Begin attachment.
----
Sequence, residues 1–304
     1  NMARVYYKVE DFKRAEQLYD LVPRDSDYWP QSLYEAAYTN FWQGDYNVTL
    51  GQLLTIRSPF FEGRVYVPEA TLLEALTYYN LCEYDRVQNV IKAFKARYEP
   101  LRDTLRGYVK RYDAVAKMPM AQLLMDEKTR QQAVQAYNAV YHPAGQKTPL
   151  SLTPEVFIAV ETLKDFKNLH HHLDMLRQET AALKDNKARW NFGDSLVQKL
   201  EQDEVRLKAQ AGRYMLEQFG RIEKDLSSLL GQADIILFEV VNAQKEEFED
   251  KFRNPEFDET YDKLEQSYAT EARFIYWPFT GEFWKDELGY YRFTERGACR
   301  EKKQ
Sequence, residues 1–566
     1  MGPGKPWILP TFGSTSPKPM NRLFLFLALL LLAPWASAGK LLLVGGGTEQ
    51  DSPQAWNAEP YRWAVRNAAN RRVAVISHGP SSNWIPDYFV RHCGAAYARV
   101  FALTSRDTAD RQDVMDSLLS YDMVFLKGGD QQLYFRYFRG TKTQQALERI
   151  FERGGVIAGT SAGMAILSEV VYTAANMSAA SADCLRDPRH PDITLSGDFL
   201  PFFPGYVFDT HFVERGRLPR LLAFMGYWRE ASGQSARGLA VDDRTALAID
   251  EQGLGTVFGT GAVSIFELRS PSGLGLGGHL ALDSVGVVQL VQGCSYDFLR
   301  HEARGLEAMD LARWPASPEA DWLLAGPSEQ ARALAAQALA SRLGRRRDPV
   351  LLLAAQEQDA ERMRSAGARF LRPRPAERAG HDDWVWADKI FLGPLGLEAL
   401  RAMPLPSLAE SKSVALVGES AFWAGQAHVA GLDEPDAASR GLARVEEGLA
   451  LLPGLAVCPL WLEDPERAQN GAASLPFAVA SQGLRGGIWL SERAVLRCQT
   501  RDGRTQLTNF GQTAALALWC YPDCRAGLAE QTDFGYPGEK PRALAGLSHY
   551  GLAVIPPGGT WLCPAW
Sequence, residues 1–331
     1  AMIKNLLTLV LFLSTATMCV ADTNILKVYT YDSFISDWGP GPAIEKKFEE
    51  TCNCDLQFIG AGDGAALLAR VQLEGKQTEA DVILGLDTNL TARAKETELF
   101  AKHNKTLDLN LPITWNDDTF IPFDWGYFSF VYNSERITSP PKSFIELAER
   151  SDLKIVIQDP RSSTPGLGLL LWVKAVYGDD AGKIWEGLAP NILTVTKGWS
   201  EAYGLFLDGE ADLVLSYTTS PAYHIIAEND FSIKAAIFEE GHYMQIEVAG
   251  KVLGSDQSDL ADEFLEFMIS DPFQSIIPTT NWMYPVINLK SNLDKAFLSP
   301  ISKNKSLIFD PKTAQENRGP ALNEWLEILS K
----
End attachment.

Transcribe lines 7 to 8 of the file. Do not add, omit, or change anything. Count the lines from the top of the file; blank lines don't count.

   251  KFRNPEFDET YDKLEQSYAT EARFIYWPFT GEFWKDELGY YRFTERGACR
   301  EKKQ